While all of the initial U.S. stimulus packages, including the fourth one that was near the finish line Monday, have included “excellent support that we need” to get through the ongoing COVID-19 pandemic, the most urgent needs we have right now to help restart the economy are more testing and protective gear, according to Jeremy Siegel, professor of finance at Wharton and WisdomTree senior investment strategy advisor.
Treasury Secretary Steven Mnuchin told host Jake Tapper on CNN’s “State of the Union” on Sunday that he expected the fourth stimulus package would include $300 billion for the Small Business Administration’s Paycheck Protection Program (PPP), $50 billion for Economic Injury Disaster Loans, $75 billion for hospitals, and $25 billion for testing.
“I haven’t dug into the details of every one of those” proposals for the new package, Siegel said Monday after ThinkAdvisor asked him about it during his weekly conference call on the state of the markets.
However, testing and protective gear are the most important things we need “because if we’re going to get people back to work,” that is what’s required, he said.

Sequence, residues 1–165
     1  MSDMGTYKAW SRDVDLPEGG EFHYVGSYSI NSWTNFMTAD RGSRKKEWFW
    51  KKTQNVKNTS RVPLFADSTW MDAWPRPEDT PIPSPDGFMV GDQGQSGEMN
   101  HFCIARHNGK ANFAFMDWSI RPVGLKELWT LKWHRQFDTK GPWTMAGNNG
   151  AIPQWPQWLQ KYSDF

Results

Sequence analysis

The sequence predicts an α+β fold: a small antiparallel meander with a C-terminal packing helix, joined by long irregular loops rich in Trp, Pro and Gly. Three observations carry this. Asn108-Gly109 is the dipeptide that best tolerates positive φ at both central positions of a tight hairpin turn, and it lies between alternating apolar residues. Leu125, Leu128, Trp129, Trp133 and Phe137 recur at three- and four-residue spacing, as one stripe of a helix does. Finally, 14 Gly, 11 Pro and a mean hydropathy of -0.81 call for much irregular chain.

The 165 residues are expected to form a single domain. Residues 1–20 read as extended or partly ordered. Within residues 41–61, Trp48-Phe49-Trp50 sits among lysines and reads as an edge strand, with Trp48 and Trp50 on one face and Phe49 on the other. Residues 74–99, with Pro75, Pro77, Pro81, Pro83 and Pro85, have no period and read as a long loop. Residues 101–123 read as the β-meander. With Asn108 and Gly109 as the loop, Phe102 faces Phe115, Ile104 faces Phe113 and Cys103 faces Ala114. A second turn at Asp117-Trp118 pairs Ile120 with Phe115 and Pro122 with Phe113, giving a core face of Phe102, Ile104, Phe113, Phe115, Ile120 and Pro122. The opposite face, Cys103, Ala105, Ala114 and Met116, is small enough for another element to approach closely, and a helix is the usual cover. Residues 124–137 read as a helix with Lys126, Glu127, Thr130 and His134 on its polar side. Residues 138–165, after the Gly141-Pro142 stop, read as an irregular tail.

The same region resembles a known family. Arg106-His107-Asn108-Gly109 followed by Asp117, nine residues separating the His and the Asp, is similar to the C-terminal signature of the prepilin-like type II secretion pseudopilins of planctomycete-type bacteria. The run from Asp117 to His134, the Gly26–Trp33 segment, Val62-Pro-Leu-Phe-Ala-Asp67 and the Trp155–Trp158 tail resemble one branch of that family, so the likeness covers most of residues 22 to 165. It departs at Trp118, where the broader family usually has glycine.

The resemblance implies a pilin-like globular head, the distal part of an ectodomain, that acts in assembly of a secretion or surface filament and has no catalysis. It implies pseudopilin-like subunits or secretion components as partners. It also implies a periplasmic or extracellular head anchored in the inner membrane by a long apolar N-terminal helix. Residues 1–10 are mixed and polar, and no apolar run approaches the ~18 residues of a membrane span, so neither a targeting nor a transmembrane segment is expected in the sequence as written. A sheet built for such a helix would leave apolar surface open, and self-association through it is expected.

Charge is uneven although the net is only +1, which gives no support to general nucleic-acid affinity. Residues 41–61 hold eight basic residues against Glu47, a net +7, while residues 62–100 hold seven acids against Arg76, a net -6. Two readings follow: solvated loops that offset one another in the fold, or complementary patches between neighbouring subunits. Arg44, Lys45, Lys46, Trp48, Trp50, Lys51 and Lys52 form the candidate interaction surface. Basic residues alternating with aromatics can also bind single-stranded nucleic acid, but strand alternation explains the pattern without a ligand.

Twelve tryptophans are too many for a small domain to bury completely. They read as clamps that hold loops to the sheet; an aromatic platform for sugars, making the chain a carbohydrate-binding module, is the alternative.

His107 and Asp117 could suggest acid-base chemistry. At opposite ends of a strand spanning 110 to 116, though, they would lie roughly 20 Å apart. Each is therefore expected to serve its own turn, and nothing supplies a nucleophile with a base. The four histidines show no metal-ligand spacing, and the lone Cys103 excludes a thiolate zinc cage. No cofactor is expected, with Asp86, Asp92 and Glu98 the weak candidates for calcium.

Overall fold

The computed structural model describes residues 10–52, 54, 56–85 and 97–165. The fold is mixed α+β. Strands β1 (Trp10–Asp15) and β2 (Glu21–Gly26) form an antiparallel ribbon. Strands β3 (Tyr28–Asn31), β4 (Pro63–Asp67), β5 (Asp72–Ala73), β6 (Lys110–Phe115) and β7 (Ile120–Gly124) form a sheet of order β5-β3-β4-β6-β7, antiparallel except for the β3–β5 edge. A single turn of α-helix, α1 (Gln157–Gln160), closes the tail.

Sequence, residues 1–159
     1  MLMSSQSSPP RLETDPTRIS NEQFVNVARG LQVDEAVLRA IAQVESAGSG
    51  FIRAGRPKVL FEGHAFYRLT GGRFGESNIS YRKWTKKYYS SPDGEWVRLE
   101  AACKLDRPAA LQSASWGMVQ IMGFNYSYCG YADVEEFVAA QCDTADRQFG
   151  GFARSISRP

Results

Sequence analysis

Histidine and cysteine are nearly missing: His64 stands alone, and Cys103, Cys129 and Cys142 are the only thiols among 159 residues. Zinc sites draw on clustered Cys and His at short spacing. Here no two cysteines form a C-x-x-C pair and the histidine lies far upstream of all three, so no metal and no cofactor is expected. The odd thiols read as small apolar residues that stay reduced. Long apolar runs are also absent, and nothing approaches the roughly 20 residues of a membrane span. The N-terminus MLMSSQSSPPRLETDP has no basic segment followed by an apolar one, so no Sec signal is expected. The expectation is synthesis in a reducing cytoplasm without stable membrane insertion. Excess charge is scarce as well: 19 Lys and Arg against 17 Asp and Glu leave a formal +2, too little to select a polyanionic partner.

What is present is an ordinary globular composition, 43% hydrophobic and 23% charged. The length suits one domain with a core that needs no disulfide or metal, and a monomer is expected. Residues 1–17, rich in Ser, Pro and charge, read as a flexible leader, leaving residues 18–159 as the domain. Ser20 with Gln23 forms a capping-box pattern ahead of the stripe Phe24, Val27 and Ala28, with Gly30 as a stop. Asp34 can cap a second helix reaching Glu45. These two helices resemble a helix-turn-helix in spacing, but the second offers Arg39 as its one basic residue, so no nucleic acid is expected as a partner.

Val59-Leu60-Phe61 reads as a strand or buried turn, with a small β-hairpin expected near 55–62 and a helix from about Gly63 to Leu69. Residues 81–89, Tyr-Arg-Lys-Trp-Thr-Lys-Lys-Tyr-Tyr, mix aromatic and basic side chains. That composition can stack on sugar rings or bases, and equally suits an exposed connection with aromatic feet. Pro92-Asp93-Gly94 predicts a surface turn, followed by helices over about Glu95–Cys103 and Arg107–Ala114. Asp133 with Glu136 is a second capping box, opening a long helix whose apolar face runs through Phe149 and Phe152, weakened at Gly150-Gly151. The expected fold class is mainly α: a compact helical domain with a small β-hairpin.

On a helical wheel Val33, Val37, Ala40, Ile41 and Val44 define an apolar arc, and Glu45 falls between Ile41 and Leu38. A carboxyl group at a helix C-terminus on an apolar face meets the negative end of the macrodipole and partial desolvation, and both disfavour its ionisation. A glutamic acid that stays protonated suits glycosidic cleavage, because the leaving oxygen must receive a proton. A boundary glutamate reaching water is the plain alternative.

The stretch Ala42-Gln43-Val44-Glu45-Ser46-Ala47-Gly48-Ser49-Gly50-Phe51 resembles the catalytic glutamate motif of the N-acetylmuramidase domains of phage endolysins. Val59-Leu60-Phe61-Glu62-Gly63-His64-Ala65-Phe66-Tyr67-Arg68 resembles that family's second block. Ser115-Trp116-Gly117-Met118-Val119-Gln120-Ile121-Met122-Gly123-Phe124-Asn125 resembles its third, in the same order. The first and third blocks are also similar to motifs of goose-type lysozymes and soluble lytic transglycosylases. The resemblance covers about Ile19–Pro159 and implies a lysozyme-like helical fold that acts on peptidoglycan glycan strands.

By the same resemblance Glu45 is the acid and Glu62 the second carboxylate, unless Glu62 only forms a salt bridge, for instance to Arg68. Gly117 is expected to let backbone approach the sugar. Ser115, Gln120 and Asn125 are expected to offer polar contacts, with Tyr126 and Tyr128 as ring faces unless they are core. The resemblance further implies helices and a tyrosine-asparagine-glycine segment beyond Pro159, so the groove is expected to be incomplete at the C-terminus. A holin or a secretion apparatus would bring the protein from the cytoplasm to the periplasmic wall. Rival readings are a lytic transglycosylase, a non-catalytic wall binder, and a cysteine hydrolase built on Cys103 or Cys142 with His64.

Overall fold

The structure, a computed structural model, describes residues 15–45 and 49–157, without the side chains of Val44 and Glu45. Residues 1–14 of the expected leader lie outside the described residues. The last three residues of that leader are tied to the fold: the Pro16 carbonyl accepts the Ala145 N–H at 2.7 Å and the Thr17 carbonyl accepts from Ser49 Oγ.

“It is unfortunate” that the first $349 billion of PPP loans “got exhausted” so quickly, he said earlier on the call, noting that many businesses would have been better off going to small community banks than the large ones that “were kind of overwhelmed.”
There have been “little glitches” in PPP for businesses hurt by the pandemic that were “unfortunate,” he said, conceding there were “some abuses” of the program.
However, Siegel said he was “impressed how much” the U.S. government “got right” with the Coronavirus Aid, Relief, and Economic Security (CARES) Act, which included the initial $349 billion for PPP.
“That they didn’t close all the loopholes” in PPP and that “they missed some things—it’s understandable,” he said, noting “they can go back and correct those.”
Siegel, meanwhile, predicted “there will be an awful lot of modifications” at U.S. workplaces during what stands to be a “very slow rollout” of businesses reopening across the country.
He also played down the significance of U.S. oil prices falling below zero Monday. “We all know what the headline’s going to be tomorrow: Oil below zero,” he told listeners. The fact that the price tumbled to as low as about -$40 a barrel was “inconceivable,” he said, adding he was “shocked that the traders so mis-estimated the delivery problems of the May contract.”
However, he said: “We all know it really isn’t that significant.” After all, he noted, the overall energy sector was down more than 3 percent Monday and “it’s been down much more” than that in the past.
What’s more, “when you have a 30 million barrel decline in the per-day demand for oil, it doesn’t almost matter how much Saudi [Arabia] and Russia have cut—there’s a glut of oil,” he added.